Angelo Carusone thinks Bill O’Reilly’s days at Fox News are numbered.
It’s a notion that would have seemed far-fetched even a few days ago, and most industry observers remain highly dubious. But Carusone isn’t just shouting into the wind: He has done it before.
Carusone, the president of liberal media watchdog Media Matters for America, is one of the main organizers of the #StopOReilly campaign, which is pressuring businesses to pull their ads from “The O’Reilly Factor” in light of sexual harassment allegations against the popular Fox News host.
He also was the organizer of Media Matters’ successful campaign against former Fox News host Glenn Beck, and another campaign that succeeded in needling Rush Limbaugh.
And so far, Carusone’s campaign against O’Reilly has had some notable successes. According to Media Matters, about 150 different businesses and organizations ran ads on “The O’Reilly Factor” in the last two weeks. So far, more than 50 “O’Reilly Factor” advertisers have pulled their ads from the show, CNN Money reports. Though at least one “O’Reilly Factor” sponsor has stopped advertising on Fox News altogether, most of them have simply worked with the network to move their ads to other Fox News shows.
“We value our partners and are working with them to address their current concerns about the O’Reilly Factor,” Fox News executive V.P. of advertising sales Paul Rittenberg said in a statement. “At this time, the ad buys of those clients have been re-expressed into other FNC programs.”
It all started on Saturday, when The New York Times published an investigation into O’Reilly’s behavior. (O’Reilly has denied all wrongdoing.) The reaction to the story was almost immediate, with social media users calling on Fox News to fire O’Reilly and media reporters calling up prominent sponsors of O’Reilly’s show to ask if they planned to pull their ads.
O’Reilly has weathered many calls for his firing over the years, and his sponsors have always stood behind him. Just last week, O’Reilly was at the center of a minor controversy when he insulted Rep. Maxine Waters. That controversy, like others before it, failed to prompt an advertiser exodus.
The big difference between the past controversies involving O’Reilly and the current one? The past ones largely concerned inflammatory comments that O’Reilly made on his show, Carusone said, while the latest controversy centers on O’Reilly’s behavior toward his colleagues. Criticism of O’Reilly’s bloviating can easily be spun as partisan politics.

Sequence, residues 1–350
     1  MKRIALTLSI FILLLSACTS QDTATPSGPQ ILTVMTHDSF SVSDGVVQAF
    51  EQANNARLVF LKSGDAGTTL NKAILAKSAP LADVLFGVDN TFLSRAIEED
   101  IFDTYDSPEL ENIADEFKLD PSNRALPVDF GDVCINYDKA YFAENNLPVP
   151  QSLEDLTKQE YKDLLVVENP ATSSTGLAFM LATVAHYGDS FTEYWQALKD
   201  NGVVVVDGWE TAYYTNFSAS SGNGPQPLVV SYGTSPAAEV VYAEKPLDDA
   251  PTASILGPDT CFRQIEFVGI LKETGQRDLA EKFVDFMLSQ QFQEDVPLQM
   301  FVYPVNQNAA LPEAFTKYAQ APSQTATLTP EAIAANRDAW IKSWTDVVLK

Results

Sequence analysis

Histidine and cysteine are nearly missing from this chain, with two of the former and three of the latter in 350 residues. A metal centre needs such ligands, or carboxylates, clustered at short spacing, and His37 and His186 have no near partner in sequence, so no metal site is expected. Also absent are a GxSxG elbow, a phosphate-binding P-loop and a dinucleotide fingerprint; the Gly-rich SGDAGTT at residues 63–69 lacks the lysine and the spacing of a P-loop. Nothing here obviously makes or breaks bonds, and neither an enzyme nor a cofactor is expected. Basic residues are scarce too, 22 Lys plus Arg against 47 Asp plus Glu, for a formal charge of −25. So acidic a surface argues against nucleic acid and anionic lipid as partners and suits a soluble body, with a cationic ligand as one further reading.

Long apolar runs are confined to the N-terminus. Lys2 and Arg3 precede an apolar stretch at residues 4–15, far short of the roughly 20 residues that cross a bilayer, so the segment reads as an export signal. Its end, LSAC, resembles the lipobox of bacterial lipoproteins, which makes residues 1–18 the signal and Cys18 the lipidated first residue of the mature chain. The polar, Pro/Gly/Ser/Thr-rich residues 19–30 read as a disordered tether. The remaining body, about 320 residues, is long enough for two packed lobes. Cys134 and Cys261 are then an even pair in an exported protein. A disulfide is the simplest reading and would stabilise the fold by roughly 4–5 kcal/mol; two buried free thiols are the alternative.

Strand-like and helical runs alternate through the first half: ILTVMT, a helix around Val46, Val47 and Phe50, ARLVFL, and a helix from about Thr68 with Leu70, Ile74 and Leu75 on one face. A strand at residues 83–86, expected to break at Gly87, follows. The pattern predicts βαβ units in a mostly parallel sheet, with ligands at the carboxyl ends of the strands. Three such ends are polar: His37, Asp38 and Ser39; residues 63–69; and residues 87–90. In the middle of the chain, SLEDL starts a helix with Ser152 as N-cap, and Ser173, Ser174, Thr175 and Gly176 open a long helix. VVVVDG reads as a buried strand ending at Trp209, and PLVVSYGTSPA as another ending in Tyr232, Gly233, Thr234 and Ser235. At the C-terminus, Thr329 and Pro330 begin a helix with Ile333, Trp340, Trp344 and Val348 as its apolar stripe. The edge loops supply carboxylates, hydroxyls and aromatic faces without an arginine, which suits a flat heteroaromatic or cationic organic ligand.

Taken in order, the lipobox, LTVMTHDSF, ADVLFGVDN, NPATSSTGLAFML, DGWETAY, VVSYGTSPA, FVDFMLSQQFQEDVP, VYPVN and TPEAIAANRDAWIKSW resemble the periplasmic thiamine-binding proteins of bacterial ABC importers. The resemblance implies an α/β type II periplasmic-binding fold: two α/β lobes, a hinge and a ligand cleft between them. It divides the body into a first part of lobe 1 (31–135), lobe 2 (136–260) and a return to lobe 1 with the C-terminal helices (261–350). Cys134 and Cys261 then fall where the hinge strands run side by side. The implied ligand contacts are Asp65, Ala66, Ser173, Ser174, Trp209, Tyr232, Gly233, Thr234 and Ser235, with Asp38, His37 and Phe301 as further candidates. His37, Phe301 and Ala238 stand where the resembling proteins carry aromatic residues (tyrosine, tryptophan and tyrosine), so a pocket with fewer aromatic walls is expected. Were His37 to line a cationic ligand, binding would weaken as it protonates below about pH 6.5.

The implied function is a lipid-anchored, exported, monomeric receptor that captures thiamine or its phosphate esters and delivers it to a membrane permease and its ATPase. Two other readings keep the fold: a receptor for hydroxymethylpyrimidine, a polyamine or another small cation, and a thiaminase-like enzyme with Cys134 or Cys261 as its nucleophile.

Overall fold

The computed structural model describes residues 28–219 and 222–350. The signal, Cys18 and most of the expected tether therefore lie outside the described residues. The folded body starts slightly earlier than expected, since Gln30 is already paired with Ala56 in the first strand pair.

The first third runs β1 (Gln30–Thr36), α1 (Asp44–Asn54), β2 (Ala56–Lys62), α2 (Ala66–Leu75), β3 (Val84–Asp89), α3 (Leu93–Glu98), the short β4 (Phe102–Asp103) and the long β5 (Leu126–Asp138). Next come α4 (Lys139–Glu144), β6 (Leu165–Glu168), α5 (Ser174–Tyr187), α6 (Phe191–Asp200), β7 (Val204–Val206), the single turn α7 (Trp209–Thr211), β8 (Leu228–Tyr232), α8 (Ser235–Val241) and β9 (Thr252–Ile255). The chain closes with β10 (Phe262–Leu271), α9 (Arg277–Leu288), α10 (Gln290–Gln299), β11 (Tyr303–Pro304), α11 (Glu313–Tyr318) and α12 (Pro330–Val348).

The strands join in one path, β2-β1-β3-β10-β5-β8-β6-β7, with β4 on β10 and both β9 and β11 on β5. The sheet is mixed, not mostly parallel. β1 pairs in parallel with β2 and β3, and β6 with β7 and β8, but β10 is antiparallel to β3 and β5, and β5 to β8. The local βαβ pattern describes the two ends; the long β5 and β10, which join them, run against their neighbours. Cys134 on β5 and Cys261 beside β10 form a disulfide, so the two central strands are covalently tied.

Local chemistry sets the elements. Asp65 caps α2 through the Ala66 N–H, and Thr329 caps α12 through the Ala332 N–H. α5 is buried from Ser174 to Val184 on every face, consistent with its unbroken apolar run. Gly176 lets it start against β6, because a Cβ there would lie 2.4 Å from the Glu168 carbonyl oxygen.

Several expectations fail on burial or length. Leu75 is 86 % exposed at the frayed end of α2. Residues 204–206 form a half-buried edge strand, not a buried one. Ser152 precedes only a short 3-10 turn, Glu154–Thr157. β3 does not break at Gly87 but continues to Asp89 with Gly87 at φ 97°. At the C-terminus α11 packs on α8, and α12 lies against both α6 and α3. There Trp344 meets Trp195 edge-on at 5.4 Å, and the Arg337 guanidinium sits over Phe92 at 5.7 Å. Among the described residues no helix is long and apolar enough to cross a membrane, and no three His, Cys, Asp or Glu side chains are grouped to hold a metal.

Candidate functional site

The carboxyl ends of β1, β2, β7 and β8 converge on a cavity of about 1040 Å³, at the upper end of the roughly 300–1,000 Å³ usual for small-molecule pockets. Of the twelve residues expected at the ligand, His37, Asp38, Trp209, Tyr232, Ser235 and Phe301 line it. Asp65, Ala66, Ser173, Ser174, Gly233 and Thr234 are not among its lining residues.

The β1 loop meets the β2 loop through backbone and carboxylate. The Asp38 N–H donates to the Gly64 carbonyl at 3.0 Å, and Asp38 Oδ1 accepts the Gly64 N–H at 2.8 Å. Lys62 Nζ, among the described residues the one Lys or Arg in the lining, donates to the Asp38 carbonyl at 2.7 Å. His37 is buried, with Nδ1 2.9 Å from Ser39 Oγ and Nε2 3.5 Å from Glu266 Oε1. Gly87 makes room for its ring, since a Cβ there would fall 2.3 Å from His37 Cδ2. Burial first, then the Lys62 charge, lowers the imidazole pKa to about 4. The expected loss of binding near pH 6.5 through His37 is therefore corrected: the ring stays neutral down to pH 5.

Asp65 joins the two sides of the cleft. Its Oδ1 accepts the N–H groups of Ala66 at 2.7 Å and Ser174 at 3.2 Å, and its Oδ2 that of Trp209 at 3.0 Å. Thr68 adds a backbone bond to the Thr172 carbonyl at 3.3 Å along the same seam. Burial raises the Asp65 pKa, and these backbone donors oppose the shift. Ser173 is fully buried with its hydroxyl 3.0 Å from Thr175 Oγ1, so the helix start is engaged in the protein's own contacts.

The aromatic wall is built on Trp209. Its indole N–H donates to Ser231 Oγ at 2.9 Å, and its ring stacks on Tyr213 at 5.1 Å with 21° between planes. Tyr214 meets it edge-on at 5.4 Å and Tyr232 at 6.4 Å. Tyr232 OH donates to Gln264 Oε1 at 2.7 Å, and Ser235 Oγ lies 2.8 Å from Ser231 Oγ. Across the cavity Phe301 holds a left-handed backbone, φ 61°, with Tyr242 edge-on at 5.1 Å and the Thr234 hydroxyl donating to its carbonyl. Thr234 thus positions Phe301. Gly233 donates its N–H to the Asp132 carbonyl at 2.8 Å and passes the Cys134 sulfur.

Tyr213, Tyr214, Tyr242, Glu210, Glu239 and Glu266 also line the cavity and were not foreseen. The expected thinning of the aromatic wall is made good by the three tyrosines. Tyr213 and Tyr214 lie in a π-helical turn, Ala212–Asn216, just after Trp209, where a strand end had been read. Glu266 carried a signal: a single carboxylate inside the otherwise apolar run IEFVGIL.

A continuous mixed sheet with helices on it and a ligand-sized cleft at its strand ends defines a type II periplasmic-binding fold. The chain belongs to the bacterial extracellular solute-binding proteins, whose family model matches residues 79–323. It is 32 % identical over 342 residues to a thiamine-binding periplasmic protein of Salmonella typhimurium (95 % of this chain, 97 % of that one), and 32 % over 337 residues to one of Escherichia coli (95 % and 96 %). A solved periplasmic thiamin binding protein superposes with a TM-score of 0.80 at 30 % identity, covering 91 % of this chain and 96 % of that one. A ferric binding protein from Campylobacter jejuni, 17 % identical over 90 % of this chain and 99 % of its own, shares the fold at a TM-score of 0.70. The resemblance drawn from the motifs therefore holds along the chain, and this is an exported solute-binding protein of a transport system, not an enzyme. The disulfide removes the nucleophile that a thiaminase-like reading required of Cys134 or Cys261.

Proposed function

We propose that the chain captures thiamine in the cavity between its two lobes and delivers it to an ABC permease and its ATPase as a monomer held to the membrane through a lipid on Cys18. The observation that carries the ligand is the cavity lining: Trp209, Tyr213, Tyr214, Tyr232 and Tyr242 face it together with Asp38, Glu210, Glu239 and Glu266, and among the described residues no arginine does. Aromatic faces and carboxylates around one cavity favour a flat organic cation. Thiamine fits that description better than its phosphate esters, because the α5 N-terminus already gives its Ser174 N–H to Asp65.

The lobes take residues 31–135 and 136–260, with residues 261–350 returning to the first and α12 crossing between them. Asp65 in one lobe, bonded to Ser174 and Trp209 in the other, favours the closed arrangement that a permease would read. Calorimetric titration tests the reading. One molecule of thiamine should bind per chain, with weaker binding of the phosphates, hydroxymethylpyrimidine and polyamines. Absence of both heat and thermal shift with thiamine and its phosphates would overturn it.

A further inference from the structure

But criticism of his alleged sexual harassment of colleagues is harder to discount — especially when many of the blue-chip advertisers who sponsor his show want to express that they have a zero-tolerance policy toward sexual harassment in their own workplaces.
“This is not based off of an outrage moment, but rather, it’s responsive to a deep pattern of sexual harassment,” Carusone said. “It doesn’t have a political partisan lens, the way maybe a comment around an individual would have or a statement that some people may find outrageous and others may not. This is about behavior that is universally wrong.”
Carusone is a veteran of multiple pressure campaigns. In 2009, while still a student in law school, he launched the #StopBeck campaign, which urged advertisers to stop sponsoring Beck’s show on Fox News in response to his extreme rhetoric, including having called Barack Obama a racist. After graduating from law school and joining Media Matters, Carusone started a spin-off campaign called #DropFox, which encouraged advertisers to pull ads from all Fox News shows until the network fired Beck.
In the end, according to Carusone, more than 300 sponsors dropped Beck’s show and Fox News parted ways with Beck in 2011. In 2013, Beck said that he had decided to leave the network to “save his soul,” but an anonymous Fox News spokesperson told POLITICO’s Mike Allen that Beck’s departure was a result of the advertiser boycott.
“Glenn Beck wasn’t trying to save his soul, he was trying to save his ass,” the spokesperson told Allen. “Advertisers fled his show and even Glenn knows what that means in our industry. Yet, we still tried to give him a soft landing. Guess no good deed goes unpunished.”